Wednesday, July 17, 2024

A rendering of Arrow Street Arts when it opens this year. (Image: TruDesign)

Arrow Street Arts officially opens its Black Box Theater – what was once the American Repertory Theater’s Oberon – with the Boston Opera Collaborative’s April 4-7 production of “Carmen.” After that, several groups move in for performances throughout the spring and summer to a space that has seen more than a year of renovations.

What happened to the weeklong festival planned for late March to launch the space?

It will take place in the fall, the result of an installation delay with the venue’s bespoke telescopic seating system. Produced by Cambridge-based theater ensemble Liars and Believers, the festival still promises to offer a variety of performances, events and gatherings, but now that’ll be between Sept. 7-14. The performer lineup will be announced this spring.

Arrow Street Arts is a nonprofit founded by David Altshuler aiming to accommodate organizations and artists needing space to practice and perform with the 4,500-square-food black box theater and a 1,100-square-foot studio that was previously a clothing boutique. The street-front studio has been open since January, hosting classes, rehearsals, workshops and performances.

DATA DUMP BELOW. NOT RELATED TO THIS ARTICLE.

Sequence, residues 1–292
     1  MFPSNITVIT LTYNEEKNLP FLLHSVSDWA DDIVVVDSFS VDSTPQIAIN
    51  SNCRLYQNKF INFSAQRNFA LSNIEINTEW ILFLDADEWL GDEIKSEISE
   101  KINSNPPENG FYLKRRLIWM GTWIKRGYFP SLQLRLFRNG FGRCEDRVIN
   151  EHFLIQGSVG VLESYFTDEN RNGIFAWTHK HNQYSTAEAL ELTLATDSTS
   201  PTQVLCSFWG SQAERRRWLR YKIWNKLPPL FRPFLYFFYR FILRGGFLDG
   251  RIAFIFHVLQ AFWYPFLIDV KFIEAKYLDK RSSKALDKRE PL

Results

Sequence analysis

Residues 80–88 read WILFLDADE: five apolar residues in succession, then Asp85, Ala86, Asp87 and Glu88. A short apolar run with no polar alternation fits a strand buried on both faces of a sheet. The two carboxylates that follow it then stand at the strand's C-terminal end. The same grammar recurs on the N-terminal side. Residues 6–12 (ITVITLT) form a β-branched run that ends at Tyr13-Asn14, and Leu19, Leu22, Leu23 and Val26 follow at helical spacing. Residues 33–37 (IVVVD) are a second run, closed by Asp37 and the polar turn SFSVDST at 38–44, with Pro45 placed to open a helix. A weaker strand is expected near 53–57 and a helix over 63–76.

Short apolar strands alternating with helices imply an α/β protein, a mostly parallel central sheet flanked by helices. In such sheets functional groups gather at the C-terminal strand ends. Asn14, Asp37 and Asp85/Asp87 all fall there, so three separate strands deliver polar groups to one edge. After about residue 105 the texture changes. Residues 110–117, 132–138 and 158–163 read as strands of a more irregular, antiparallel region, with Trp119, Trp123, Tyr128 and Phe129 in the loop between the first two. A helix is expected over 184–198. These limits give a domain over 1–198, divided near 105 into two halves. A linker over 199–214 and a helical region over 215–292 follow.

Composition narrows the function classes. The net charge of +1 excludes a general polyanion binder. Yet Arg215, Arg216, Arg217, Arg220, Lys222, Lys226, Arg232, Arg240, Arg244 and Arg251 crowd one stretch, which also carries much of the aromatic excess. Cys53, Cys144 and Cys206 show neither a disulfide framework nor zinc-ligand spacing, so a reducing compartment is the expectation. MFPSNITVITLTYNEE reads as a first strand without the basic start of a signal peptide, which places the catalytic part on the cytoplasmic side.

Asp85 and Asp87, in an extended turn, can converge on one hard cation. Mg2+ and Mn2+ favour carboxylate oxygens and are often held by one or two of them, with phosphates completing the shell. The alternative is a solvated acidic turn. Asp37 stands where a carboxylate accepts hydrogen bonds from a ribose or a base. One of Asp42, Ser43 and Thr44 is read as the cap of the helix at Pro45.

A range of companies are scheduled into the studio and black box theater. Five are recipients of funding through the Arrow Street Arts Fund at the Cambridge Community Foundation:

Arrow Street Arts’ resident theater company, Moonbox Productions, presents “The Manic Monologues” through Feb. 25. The play, about what it means to be touched by a mental health condition, is the first studio production. 

Boston Opera Collective shows “La Tragédie de Carmen,” the classic Bizet opera about obsession, April 4-7 in the Black Box Theater. It’s trimmed by Peter Brook to 90 minutes and four people with a 15-piece chamber orchestra. 

Harvard Square’s Longy School of Music of Bard College shows “The Little Prince,” its spring opera production, April 13-14 in the Black Box Theater, before Moonbox Productions returns April 26-May 19 with a Black Box Theater run of “The Mermaid Hour,” about the journey of parenting a trans tween.

Jessica Roseman Dance works with Black mothers from Cambridge in partnership with the Cambridge Center For Families through the Nourish project, which inspired Jessica’s choreographed work, also called “Nourish.” There will be open rehearsals over the next months, plus a series of lunchtime community showings Feb. 28, April 24 and May 29 with performances in the Studio on June 21-22.

Jo-Mé Dance puts on “Guilty Until Proven Innocent (The Sean Ellis Story)” in the Black Box Theater in June. Choreographed by Joe González and danced by majority Bipoc Boston and Cambridge contemporary dancers, the show is based on the story of Sean Ellis, a 19-year-old Black man wrongfully imprisoned in Boston for 22 years. 

The Midday Movement Series brings funding to six artists and companies to participate in monthlong teaching residencies with a final informal showing of works in progress during two performances in the Black Box Theater on July 13. 

The Janelle Gilchrist Dance Troupe, a women-led and Black-owned ballet company, will rehearse and perform “Journeys 2018” and “Danzas y Canciones” July 19-21 in the Black Box Theater.